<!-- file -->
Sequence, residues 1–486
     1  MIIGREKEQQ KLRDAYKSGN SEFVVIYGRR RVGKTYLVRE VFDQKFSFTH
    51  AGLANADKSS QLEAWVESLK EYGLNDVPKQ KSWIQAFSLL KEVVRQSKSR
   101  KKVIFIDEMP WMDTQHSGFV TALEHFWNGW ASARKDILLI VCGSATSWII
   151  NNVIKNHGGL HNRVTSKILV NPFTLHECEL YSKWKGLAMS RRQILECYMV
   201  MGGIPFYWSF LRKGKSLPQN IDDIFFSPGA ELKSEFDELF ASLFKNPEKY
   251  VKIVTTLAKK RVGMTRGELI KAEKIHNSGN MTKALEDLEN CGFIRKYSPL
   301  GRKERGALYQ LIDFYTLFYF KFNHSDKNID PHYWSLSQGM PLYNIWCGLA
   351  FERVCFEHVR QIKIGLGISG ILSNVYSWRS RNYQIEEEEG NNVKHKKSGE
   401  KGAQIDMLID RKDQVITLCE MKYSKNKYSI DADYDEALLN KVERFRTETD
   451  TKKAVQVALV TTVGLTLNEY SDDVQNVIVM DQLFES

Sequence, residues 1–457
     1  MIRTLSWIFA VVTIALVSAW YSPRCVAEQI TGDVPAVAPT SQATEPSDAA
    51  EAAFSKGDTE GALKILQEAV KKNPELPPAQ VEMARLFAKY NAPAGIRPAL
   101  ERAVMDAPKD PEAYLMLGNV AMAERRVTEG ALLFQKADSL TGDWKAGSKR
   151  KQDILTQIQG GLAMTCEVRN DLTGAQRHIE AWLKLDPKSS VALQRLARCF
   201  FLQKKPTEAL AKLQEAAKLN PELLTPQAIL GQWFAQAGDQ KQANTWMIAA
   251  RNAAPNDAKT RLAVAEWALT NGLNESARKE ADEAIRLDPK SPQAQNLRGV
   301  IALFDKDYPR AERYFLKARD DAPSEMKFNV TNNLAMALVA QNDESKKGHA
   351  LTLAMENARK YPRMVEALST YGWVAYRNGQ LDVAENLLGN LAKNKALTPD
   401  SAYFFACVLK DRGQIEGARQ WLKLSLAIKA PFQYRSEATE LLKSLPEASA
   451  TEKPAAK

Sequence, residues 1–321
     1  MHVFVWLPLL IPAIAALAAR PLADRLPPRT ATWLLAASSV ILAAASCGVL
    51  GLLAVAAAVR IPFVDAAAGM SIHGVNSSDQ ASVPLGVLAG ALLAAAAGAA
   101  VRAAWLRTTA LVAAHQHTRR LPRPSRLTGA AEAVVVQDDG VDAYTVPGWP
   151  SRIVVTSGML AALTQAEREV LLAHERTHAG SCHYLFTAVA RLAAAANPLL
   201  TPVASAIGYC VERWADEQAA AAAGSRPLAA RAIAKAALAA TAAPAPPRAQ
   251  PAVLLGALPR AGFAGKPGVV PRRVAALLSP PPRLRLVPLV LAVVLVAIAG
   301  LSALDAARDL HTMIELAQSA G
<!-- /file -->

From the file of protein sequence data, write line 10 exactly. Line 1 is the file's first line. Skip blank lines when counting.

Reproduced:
   401  KGAQIDMLID RKDQVITLCE MKYSKNKYSI DADYDEALLN KVERFRTETD